It’s a really good day when you find a new writer who publishes clever, literate murder mysteries. It’s an especially good day when this writer has been at it for a while and there’s a backlog of titles for you to work through. And it’s a terrific day when the writer is Andrew Taylor, and your introduction to him is Bleeding Heart Square.
His U.S. publisher, Hyperion, is issuing some of this previous books along with this one, and they all have beautiful covers with architectural photographs, vaguely sinister, dark-toned — not unlike the covers of the Alan Furst books. Say what you will, these designers know just how to signal the contents of these novels. Bleeding Heart Square is set in 1934 London, as economic conditions reduce the options of many Britons, and the Fascist party starts to stir up all kinds of ugly trouble. But Taylor, clever man, maps this situation onto a 19th-century framework. Did you remember that Bleeding Heart Yard is the setting of a big chunk of Little Dorrit? (It’s OK, I had to check, and I just read the darn thing.) Furthermore certain characters in Bleeding Heart Square — the alcoholic gentleman ne’er-do-well, the physically imposing and menacing landlord — share DNA with Dickens’ characters.
But Taylor’s not slavish, and the mystery part eventually overruns the Dickensian scaffolding. Lydia Langstone, 28 and pretty, has left her boorish rich husband (soon to join the British Union of Fascists) because he bullies her. She flees to her estranged father, Captain Ingleby-Lewis, who lives in a squalid boarding house in Bleeding Heart Square. Taylor is especially good on the nitty-gritty reality here: Lydia left home with “Virginia Woolf’s A Room of Ones’ Own but she had forgotten her toothbrush.”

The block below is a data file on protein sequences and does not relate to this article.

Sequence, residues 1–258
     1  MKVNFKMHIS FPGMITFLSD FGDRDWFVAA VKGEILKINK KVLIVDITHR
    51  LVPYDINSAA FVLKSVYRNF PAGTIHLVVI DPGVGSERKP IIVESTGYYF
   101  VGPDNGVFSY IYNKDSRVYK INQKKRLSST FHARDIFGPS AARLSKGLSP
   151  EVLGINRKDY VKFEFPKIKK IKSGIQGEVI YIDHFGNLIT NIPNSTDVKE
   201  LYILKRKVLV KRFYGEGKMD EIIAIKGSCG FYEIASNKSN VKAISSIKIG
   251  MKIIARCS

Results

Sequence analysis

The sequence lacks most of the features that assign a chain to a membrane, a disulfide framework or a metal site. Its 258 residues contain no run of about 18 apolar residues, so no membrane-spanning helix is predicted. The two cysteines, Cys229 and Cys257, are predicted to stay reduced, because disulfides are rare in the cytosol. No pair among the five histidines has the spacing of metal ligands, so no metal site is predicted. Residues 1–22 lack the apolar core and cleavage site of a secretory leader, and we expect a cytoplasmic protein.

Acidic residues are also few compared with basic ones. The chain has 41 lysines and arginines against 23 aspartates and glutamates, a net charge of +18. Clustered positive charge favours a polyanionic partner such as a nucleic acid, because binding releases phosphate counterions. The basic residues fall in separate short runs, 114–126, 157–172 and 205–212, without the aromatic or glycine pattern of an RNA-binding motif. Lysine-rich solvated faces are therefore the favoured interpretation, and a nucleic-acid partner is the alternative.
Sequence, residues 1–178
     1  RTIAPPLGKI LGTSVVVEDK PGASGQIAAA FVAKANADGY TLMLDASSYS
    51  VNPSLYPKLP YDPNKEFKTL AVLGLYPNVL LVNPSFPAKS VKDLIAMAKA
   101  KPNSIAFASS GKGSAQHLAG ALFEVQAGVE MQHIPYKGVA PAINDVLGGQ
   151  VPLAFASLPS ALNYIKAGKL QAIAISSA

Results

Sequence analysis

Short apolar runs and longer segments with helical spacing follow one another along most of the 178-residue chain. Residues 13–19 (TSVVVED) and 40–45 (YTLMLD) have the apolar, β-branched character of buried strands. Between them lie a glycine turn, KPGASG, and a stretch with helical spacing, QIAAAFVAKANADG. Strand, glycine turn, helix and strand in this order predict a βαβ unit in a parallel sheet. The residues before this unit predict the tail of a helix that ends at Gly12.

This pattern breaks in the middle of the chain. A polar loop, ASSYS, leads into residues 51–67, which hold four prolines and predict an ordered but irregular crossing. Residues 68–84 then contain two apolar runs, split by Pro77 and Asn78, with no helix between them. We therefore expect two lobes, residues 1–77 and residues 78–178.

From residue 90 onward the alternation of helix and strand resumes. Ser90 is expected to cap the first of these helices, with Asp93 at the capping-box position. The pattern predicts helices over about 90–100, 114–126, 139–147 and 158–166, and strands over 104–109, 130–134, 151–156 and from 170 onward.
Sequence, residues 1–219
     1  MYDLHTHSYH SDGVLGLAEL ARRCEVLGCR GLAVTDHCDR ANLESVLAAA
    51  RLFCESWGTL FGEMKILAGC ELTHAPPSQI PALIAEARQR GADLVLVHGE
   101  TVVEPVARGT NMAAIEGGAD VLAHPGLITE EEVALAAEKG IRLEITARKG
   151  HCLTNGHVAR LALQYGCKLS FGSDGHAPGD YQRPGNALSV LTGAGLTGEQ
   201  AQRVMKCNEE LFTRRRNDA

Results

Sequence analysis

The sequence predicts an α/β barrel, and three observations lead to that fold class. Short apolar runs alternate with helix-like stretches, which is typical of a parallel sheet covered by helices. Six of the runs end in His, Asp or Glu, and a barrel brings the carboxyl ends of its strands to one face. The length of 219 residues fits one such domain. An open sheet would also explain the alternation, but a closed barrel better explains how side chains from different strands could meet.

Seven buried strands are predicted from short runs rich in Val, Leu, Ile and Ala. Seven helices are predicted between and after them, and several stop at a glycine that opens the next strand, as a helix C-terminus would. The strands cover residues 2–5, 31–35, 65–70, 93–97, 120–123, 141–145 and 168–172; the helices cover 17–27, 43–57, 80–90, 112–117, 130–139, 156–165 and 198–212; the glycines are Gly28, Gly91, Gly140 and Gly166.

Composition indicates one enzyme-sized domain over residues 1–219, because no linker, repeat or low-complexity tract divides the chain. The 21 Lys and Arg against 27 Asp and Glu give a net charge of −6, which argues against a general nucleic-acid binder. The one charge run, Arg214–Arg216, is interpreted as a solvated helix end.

There’s a murder, there are sinister clues (literal bleeding hearts are regularly sent to the frightening landlord, Serridge). There’s a downtrodden police investigator (more Dickens) and a fresh-faced journalist who falls for Lydia. Several sections take place in the country but it’s more Stella Gibbons than Angela Thirkell. No laughs, though.
Still, all the literary allusions bring a level of playfulness to the plotting. Which, by the way, is excellent. Twists and turns all the way, right to the end. A really artful piece of work.